1) the encoding algorithm is standardized, correct? that is, obviously it is going to provide lossless encoding/decoding, and compress to (at least) the same filesize as one encoded with the original FLAC.exe? i know there were some projects going on trying to increase performance/compression on this codec.... which i don't like, standards are made for reasons
2) you say the current algorithm for encoding is i/o bound, i'm assuming this means the encoder can encode faster than the hard drive can read/supply the data, is this what you mean? unfortunately, this probably means that on faster systems, the speed improvement (vs. the original encoder) will have a tendency to decline the faster the system gets. fortunately, this also will improve with current and future tech like SSD drives...
Considering that EAC only passes one file at a time and has its own internal ability to make use of multiple processes, can someone please explain how you derive a benefit from this program with EAC?
Perhaps you could have made it a little more clear as to what your encoder does so that idiots like me wouldn't have to ask such stupid questions.
Quote from: GeorgeFP on 04 December, 2009, 06:27:12 AMTo use "fpMP3" or "fpFLAC2MP3" you have to download the source code and build the "fpMP3_DLL" project (Blend, SSE2, or SSE4 version). The built DLLs have to be registered with "regsvr32" (admin rights required for that).I would like to use fpFLAC2MP3. But I'm not able to build the project. I'm just not into this subject.Maybe somebody smart who owns all the needed software likes to build the project and upload it here in the forum? That would be very appreciated.
To use "fpMP3" or "fpFLAC2MP3" you have to download the source code and build the "fpMP3_DLL" project (Blend, SSE2, or SSE4 version). The built DLLs have to be registered with "regsvr32" (admin rights required for that).
I keep getting an error that a number of files 'failed to register'. Anyone else experiencing this? Files are installed into the Program Files directory, but any conversion fails in Foobar.
regsvr32 fpFLAC.dllregsvr32 fpFLAC_SSE2.dllregsvr32 fpFLAC_SSE4.dllregsvr32 fpMP3.dllregsvr32 fpMP3_SSE2.dllregsvr32 fpMP3_SSE4.dllregsvr32 fpStreamLib.dllregsvr32 fpWave.dllregsvr32 lFLAC.dllregsvr32 lVorbis.dll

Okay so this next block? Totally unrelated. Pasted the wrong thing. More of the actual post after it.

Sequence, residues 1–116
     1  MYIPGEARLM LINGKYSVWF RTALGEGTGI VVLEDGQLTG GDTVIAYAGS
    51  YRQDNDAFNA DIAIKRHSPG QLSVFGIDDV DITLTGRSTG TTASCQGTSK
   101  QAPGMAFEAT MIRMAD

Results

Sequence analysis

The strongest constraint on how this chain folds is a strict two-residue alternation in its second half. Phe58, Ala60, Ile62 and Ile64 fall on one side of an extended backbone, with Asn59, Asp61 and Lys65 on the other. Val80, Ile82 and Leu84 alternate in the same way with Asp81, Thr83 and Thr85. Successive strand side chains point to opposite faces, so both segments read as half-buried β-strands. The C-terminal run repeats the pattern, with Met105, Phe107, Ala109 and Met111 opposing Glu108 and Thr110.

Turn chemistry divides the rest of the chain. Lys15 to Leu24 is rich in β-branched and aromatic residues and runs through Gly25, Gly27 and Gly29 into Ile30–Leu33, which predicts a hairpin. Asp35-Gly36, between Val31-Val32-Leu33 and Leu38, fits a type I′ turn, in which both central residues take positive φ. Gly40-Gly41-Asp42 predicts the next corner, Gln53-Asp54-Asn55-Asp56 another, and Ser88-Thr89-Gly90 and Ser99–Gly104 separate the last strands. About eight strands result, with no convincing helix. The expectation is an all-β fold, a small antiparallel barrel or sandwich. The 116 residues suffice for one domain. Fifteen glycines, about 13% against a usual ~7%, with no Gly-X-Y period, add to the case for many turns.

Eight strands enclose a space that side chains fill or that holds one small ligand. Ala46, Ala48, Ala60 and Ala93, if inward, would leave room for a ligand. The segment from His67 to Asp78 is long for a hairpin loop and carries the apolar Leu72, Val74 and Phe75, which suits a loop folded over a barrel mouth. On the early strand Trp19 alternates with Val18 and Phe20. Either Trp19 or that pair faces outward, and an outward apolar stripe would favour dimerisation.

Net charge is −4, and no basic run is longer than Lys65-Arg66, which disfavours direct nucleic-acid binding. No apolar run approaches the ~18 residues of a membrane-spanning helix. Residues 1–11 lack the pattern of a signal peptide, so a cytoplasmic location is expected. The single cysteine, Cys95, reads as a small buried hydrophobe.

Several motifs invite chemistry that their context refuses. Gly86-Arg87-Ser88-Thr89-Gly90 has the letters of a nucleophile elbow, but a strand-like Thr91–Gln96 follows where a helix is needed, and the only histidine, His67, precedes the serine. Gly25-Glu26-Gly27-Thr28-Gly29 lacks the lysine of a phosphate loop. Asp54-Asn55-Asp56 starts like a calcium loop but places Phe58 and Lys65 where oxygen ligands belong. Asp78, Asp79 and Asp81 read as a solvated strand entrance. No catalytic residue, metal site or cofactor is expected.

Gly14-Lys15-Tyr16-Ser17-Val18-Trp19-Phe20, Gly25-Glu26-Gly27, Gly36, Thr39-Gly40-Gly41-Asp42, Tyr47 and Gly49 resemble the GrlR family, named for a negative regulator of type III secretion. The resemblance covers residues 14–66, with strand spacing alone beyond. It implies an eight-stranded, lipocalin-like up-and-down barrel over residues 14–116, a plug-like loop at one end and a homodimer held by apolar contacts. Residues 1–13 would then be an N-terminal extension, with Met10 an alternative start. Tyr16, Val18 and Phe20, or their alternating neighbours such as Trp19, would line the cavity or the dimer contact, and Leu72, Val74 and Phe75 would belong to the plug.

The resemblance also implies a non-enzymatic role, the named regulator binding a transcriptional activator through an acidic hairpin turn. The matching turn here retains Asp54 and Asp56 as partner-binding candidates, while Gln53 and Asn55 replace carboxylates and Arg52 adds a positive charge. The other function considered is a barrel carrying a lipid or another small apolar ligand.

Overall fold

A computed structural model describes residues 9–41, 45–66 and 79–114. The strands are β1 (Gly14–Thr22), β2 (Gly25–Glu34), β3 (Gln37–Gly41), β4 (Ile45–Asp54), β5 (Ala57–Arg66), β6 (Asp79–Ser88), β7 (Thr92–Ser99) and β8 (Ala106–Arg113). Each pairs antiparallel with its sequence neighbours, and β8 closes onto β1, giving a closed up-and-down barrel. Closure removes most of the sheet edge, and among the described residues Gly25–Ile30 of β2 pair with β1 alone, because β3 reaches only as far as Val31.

I cannot wait for this to be ready for production so to speak!
Any chance @ GPU support?
Well, the truth is, I don't know if fpFLAC has a future. The feedback is very, very poor.
Josh, if you are interested, i'm ready to spend some time helping to incorporate CUDA code.
Quote from: NuSkooler on 23 December, 2009, 12:16:47 PMI cannot wait for this to be ready for production so to speak!Well, the truth is, I don't know if fpFLAC has a future. The feedback is very, very poor.
1. For me FLAC is dead, it's too weak, so you came too late. Multithreaded wavpack or mac would probably make more sense.
3. Installers are annoying. Regular 7zip package would be better. Can't you make it work w/out registering these dlls? Also, I got error during registration of smth with SSE4 in the name. XP 32bit, SP3, Core 2 Duo. Program worked at least long enough to show help, seeing lacking switches, I didn't even bother to compress something.
But, personally, I'm not very inclined to switch to a new, unproven piece of software even if it incorporates proven code and/or algorithms like FLAC, WavPack, LAME, ...Maybe a better approach to this would be, to somehow try, to integrate these new projects into the existing, proven, codebase supervised and/or publicly supported by the original developers trying to maintain the same stability and quality of the original software. This might even be a different branch at first but I really think the "umbrella effect" could have a positive effect on the acceptance of the new code/projects by the users which ultimately will result in more useage and feedback.
Believe me, if I had the chance to integrate my framework into the existing C code I would have done so. But multi-core programming is very different to serial programming and thus, I had to write fpFLAC from scratch.Of course, you can wait until the original developers will add multi-core support to their projects. I don't know of any activities going in this direction, neither for FLAC nor for LAME.
Quote3. Installers are annoying. Regular 7zip package would be better. Can't you make it work w/out registering these dlls? Also, I got error during registration of smth with SSE4 in the name. XP 32bit, SP3, Core 2 Duo. Program worked at least long enough to show help, seeing lacking switches, I didn't even bother to compress something.I agree. Especially for "utility" type stuff. My suggestion: Statically link everything needed into a fpFLAC.exe. I believe this will make it much more open to the masses.
I really try to not underestimate the amount of work and research that goes into these projects and I can surely understand that saying something like "integration will yield benefit x and y" might sound much easier than actually doing it!However, the problem will remain for projects like fpFLAC and others that they are seen more like a proof of concept and hence are more interesting for developers and testers which won't make a large userbase. This might actually not be a problem if the goal is to provide a proof of concept, but if the idea is to get more and more realworld usage/feedback I think somewhere along the line the proof of concept stage has to evolve into something more users will (want to) use. This is where the "umbrella effect" or "public developer support" might play a role as it gives visibility to these projects beyond this forum and also, kind of, assures the large group of endusers that it's OK to also use this for anything else than testing.